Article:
New Research Published
New research published on potential mannosamine therapy for HIBM (GNE myopathy) and kidney glomerular disease
“Oral monosaccharide therapies to reverse renal and muscle hyposialylation in a mouse model of GNE myopathy”, T. K. Niethamer, et al. Molecular Genetics and Metabolism, 2012, http://dx.doi.org/10.1016/j.ymgme.2012.10.011.
This recent publication provides new information on the prospects of using N-acetylmannosamine (ManNAc, DEX-M74 ) and its derivative, mannosamine hydrochloride, to treat the adult onset muscular dystrophy HIBM (hereditary inclusion body myopathy), also called GNE myopathy and possibly certain kidney glomerular diseases.
The scientists demonstrated that mannosamine hydrochloride, but not sialic acid, mannose, galactose or glucosamine administered to pregnant mice had a similar prophylactic effect on renal hyposialylation, pathology and neonatal survival of mutant off-spring, as previously shown for DEX-M74 therapy. Because GNE myopathy patients will likely require treatment in adulthood after onset of symptoms, the scientists also demonstrated that oral administration of DEX-M74 to adult mutant GNE myopathy mice markedly improved the muscle and renal hyposialylation. These preclinical data strongly support further evaluation of oral DEX-M74 as therapy for GNE myopathy and conceivably for certain glomerular diseases with hyposialylation.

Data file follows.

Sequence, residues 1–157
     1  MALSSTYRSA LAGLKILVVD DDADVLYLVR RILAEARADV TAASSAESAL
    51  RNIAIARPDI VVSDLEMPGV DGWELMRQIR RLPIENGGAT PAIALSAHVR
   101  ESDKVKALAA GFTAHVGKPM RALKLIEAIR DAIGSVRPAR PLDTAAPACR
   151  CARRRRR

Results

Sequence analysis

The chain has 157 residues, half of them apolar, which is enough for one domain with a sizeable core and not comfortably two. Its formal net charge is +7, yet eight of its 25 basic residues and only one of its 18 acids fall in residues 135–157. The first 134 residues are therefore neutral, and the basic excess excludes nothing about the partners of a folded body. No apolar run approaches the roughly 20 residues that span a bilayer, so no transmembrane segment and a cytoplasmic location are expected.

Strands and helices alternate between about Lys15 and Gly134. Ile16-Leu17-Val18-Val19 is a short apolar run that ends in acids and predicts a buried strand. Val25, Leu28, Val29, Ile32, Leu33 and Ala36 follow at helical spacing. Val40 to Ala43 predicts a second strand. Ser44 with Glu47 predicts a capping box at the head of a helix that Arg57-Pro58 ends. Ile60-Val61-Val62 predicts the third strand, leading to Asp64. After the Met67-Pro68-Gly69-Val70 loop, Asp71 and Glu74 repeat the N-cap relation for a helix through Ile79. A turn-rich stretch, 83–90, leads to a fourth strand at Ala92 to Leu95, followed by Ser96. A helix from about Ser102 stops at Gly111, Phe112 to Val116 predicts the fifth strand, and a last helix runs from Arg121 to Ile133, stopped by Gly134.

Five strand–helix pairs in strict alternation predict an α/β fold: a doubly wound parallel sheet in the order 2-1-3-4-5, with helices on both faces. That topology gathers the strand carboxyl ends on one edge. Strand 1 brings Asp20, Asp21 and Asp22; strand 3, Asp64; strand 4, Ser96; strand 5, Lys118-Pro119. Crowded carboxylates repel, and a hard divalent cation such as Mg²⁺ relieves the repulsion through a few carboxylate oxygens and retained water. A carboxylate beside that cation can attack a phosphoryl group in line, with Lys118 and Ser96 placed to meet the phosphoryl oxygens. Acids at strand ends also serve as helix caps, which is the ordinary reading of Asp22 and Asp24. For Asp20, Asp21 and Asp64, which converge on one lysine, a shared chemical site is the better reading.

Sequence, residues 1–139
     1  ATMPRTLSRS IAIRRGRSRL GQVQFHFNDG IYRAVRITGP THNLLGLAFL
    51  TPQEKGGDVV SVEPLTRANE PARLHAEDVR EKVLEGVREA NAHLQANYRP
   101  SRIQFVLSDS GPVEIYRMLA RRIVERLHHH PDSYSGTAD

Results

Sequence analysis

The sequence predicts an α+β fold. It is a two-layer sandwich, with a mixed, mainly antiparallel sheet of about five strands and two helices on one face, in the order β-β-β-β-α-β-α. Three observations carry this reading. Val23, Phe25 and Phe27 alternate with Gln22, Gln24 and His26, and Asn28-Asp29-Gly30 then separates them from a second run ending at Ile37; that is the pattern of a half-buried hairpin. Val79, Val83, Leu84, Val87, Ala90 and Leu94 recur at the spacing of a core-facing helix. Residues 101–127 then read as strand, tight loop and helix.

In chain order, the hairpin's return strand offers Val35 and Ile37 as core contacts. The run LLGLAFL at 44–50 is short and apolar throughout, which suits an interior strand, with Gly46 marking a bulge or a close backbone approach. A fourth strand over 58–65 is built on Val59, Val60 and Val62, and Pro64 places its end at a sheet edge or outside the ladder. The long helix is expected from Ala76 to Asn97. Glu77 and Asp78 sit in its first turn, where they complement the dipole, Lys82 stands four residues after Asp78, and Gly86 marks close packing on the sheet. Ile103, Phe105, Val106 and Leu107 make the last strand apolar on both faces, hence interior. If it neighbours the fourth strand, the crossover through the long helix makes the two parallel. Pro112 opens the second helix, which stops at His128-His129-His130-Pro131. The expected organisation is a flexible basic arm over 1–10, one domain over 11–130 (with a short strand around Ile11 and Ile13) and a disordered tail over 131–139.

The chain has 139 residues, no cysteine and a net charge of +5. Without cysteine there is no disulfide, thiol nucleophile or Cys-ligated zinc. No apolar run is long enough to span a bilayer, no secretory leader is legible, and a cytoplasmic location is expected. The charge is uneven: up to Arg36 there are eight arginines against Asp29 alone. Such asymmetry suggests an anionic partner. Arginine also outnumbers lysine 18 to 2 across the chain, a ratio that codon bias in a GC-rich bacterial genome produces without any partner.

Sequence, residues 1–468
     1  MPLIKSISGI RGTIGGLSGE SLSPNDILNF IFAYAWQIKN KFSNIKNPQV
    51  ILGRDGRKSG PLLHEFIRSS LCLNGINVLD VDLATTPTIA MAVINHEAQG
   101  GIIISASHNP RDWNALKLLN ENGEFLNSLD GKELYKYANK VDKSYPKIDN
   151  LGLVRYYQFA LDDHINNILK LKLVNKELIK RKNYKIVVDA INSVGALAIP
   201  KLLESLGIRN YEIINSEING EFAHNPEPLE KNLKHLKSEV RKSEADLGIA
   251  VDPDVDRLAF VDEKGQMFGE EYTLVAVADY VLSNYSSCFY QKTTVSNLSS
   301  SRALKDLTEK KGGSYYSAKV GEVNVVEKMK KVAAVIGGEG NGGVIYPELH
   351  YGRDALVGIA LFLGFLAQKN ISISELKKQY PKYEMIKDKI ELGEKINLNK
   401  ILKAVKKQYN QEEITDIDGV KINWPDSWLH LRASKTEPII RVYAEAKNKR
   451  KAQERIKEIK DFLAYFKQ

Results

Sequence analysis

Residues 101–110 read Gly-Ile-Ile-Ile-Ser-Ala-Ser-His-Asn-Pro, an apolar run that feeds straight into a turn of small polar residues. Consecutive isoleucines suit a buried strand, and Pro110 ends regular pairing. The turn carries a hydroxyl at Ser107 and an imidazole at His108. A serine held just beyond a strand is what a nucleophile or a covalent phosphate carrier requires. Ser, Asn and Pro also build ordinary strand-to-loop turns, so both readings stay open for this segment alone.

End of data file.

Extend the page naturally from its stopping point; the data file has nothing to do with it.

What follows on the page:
The U.S. National Institutes of Health (NIH) is currently conducting a Phase I clinical trial of DEX-M74 (ManNAc) in patients with GNE myopathy (HIBM). This study is a collaboration between two NIH Institutes, the National Human Genome Research Institute (NHGRI) and the NIH Center for Advancing Translational Sciences (NCATS)’s Therapeutics for Rare and Neglected Diseases (TRND) program along with New Zealand Pharmaceuticals Ltd (NZP). The purpose of this clinical trial is to study the safety of ManNAc and to understand how the body handles it to determine dosing schedules. Future studies to test the efficacy of ManNAc are being planned.
For more information about this study visit: www.clinicaltrials.gov (NCT01634750) or the NIH Clinical Center website: http://clinicalstudies.info.nih.gov/cgi/detail.cgi?A_2012-HG-0207.html.